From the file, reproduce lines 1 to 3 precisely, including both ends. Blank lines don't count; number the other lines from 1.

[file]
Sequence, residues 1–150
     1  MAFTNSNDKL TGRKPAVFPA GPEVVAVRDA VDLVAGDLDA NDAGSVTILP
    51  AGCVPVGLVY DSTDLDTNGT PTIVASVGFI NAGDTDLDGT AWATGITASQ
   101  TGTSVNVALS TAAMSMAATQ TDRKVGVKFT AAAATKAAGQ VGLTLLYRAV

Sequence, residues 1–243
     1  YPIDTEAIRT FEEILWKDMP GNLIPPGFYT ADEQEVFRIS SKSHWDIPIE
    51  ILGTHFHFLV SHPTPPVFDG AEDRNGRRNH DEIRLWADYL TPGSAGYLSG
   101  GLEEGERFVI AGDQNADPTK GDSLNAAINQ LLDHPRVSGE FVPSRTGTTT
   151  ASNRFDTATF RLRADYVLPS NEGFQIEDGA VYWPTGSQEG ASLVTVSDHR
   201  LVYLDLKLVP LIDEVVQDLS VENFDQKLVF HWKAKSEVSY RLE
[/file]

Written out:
Sequence, residues 1–150
     1  MAFTNSNDKL TGRKPAVFPA GPEVVAVRDA VDLVAGDLDA NDAGSVTILP
    51  AGCVPVGLVY DSTDLDTNGT PTIVASVGFI NAGDTDLDGT AWATGITASQ